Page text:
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Government, Defense

Leon Carpio, Rios Montt, president commander, peace accord, Treasury Police

The army has historically been a major power in Guatemalan government. Efforts to reduce its direct role began in 1985 when the military was strongly criticized for its role in large-scale human rights abuses. The December 1996 peace accord requires the government to reduce the size of the army from 46,000 members in the early 1990s to about 30,000, and reductions have begun. In 2001 the army had 29,200 members. Guatemala also has a small navy (1,500 members) and an air force (700). The minister of defense is by law a military officer and the de facto head of the military, although the constitution makes the president commander in chief. Presidents Ramiro de Leon Carpio (1993-1996) and Alvaro Arzu Irigoyen (1996-2000) began to assert civilian control over the military and took legal action against some corrupt officers. Males between the ages of 18 and 50 are subject to conscription for periods of 24 to 30 months.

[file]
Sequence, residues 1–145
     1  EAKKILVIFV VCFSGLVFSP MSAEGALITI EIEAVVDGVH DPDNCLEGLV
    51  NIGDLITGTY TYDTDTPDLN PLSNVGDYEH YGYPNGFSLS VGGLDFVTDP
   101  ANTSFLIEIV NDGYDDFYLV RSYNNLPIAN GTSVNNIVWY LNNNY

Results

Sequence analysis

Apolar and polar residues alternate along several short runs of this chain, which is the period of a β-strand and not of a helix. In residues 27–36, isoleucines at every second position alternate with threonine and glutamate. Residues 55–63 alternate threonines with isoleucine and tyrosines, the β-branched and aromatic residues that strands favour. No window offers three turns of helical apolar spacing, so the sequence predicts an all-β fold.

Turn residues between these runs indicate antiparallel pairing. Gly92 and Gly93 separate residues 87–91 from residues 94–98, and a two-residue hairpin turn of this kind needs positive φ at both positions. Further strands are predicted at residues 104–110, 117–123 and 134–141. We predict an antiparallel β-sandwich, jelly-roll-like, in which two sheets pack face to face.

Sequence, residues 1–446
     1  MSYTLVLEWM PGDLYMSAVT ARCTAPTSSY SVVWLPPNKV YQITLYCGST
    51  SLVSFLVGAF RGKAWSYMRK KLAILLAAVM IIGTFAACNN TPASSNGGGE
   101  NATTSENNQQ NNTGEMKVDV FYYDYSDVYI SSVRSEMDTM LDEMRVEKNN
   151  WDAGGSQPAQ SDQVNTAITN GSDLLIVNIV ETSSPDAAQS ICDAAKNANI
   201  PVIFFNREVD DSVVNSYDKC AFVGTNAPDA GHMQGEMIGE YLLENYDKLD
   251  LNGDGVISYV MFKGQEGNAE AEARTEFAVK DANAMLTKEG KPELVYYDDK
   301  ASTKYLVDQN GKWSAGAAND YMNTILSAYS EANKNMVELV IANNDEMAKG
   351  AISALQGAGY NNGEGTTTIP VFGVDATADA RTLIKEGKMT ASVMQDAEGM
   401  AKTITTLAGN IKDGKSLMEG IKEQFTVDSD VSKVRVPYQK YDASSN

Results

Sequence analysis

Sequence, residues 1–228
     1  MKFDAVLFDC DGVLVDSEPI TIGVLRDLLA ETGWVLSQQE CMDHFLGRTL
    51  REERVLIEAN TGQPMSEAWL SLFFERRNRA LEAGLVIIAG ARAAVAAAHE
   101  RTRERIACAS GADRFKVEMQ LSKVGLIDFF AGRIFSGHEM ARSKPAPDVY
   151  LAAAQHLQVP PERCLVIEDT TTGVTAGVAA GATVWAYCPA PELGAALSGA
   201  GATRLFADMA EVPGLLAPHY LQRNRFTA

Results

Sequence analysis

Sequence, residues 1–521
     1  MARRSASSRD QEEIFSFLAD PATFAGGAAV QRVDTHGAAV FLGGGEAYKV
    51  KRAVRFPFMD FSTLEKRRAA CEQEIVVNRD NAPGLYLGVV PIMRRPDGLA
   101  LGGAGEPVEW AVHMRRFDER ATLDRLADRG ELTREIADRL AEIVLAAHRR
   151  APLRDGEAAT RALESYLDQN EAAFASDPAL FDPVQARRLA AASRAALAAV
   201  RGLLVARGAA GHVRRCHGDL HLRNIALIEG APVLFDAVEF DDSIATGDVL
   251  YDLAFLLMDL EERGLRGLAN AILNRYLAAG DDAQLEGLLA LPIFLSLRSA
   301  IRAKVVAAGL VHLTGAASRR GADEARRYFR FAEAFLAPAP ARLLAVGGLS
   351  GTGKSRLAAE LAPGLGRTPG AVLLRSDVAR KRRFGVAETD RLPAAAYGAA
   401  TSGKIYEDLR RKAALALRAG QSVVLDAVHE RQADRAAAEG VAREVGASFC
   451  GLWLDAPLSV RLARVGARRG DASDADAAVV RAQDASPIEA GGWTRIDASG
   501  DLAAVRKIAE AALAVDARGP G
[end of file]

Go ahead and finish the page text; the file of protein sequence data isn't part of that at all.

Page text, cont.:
In addition to the armed forces, there are other important security forces in Guatemala: the National Police under the Ministry of the Interior, the Treasury Police of the Ministry of Finance, and the Military Police under the Department of Defense. In addition, Rios Montt in 1983 established rural Civil Defense Patrols, into which a half million Guatemalans have been drafted to protect villages from the guerrillas. The patrols have been highly controversial, having been accused of human rights abuses. Under the 1996 peace accord, they are to be abolished. Military expenses consume 11 percent of the government’s total budget.

Article key phrases:

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